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Stage One brings 'Cat on a Hot Tin Roof' to Janesville Performing Arts Center

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Jonah Beleckis
Wednesday, October 4, 2017

JANESVILLE—A show about family, lies and greed is coming to the Janesville Performing Arts Center this month.

The audience could learn a lot about the way families relate to, lie to and love each other when watching Stage One's production of “Cat on a Hot Tin Roof,” a show director Jim Stewart said was among the best ever and one of his personal favorites.

The Tennessee Williams play, which won the 1955 Pulitzer Prize for drama, covers a wide range of subject matter including social mores, greed, superficiality, mendacity, decay, sexual desire, repression and death.

The story centers a cotton plantation family whose patriarch, Big Daddy Pollitt, is unknowingly dying of cancer. In the background, his sons, Brick and Gooper, and their respective wives, Maggie and Mae, know the truth, and all but Brick are locked in a secret battle for control of the family's estate.

Brick, the younger brother and a former football hero, stays out of the fray, seeking solace in the bottle after the death of his close friend Skipper. Having confessed his love for Brick, and having been rejected, Skipper kills himself. This leaves Brick depressed and confused about his own sexuality.

Broadly, the show is about the lies people tell themselves and those close to them to feel better or to keep their agendas moving forward, Stewart said.

“It's very frank in the way that families relate to each other,” Stewart said. “It doesn't pull any punches. People lie to each other. They're cruel. On the other hand, they also love each other.”

Sparing someone else's feelings can also lead to terrible repercussions in the show, Stewart said.

“It's a 'the road to hell is paved in good intentions' kind of thing,” he said.

Michelle Dennis, who plays matriarch Big Mamma and who also works at the Hedberg Public Library, said Williams is one of the finest playwrights she has ever read.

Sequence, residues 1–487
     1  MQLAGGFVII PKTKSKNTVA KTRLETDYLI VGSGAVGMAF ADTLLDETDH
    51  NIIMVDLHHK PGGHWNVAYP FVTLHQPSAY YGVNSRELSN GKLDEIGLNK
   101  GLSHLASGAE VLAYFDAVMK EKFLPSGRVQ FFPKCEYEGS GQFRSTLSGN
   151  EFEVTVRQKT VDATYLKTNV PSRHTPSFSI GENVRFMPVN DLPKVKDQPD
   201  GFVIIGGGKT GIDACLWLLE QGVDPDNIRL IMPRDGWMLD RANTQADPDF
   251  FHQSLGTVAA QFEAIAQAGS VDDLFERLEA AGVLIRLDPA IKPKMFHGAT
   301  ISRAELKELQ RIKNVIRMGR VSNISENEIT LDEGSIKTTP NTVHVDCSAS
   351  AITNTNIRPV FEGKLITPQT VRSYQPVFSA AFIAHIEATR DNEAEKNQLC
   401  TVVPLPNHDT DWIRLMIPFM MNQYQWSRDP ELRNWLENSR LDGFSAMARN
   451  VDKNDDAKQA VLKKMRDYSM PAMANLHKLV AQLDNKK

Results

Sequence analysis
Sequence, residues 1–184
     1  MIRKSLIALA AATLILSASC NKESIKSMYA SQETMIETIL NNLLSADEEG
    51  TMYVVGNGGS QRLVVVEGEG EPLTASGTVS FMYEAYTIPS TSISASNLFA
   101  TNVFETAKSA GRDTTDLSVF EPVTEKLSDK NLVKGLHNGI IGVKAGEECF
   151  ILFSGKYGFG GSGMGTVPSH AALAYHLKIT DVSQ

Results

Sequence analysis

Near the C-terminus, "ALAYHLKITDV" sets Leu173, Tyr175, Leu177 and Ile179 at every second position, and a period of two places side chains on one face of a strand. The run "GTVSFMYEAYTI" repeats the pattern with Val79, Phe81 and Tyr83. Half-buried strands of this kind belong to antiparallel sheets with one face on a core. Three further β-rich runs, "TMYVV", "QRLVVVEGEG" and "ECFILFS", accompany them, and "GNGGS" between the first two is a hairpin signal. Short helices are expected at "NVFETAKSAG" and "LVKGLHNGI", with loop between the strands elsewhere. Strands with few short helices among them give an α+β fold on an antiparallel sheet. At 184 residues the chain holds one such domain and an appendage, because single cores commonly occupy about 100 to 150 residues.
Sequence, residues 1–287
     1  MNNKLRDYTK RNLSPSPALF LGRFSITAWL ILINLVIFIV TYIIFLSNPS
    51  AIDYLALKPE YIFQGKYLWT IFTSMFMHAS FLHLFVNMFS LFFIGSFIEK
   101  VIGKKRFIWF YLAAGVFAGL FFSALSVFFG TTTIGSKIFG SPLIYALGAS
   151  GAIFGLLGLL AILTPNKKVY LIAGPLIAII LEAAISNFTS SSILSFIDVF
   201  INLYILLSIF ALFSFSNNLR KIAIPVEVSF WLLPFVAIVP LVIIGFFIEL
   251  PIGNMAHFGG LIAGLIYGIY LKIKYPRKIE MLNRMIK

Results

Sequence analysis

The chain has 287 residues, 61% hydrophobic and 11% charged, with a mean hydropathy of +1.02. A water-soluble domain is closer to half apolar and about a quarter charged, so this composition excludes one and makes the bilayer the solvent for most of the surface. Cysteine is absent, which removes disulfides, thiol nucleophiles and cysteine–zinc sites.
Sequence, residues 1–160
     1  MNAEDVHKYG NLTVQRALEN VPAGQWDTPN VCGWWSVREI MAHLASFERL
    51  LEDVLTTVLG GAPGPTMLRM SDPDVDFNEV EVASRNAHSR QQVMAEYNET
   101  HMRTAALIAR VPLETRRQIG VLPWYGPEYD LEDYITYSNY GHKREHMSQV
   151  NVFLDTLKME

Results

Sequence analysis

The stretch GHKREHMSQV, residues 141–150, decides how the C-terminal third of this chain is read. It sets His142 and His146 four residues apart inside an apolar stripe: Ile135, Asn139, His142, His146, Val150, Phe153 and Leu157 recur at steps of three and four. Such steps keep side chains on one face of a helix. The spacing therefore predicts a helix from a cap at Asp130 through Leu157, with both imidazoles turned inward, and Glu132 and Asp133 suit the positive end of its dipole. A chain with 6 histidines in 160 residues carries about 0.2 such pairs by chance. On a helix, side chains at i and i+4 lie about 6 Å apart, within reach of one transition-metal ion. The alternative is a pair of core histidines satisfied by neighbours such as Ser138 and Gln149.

“Every word matters,” she said. “Every interaction between people carries emotion.”

Dennis said she has long been active in the theater community in the Janesville/Beloit area. She lives in Clinton, and she said since her first show in 1999 she has been in nearly 40 plays, slowly progressing to more and more involved roles.

Dennis describes Big Mamma as the glue of the Pollitt family. Even with all the surrounding strife and dispute, Big Mamma tries to keep people interacting with one another and keep them positive—“as mamas do,” she said.

“It will touch people's hearts and remind them of the importance of the relationships in their lives,” Dennis said. “It's very real.”

Returning to productions over the last year or so has been a welcome feeling for Stewart. He's been in Janesville for about four years, but he spent about two years recovering from an April 2015 heart attack and stroke, he said.

Although he said he will never be fully recovered—he is partially disabled with partial right-side paralysis—returning to the stage for recent productions over the last year has helped him “immeasurably,” he said.

Some of the actors in the production drove Stewart to rehearsals for recent shows, he said. He needs a cane to get around, which limited how comfortable he felt on stage.

Confidence from a recent acting role helped make the knee on his weaker side stronger, Stewart said. He got used to the stage and where everything would be.

By the time that show opened, he wasn't using a cane.

Directing shows also helped him get to a better place mentally, he said.

“Getting back to something that I love and stuff that I was good at and knowing I could still do, that made a big difference,” he said.



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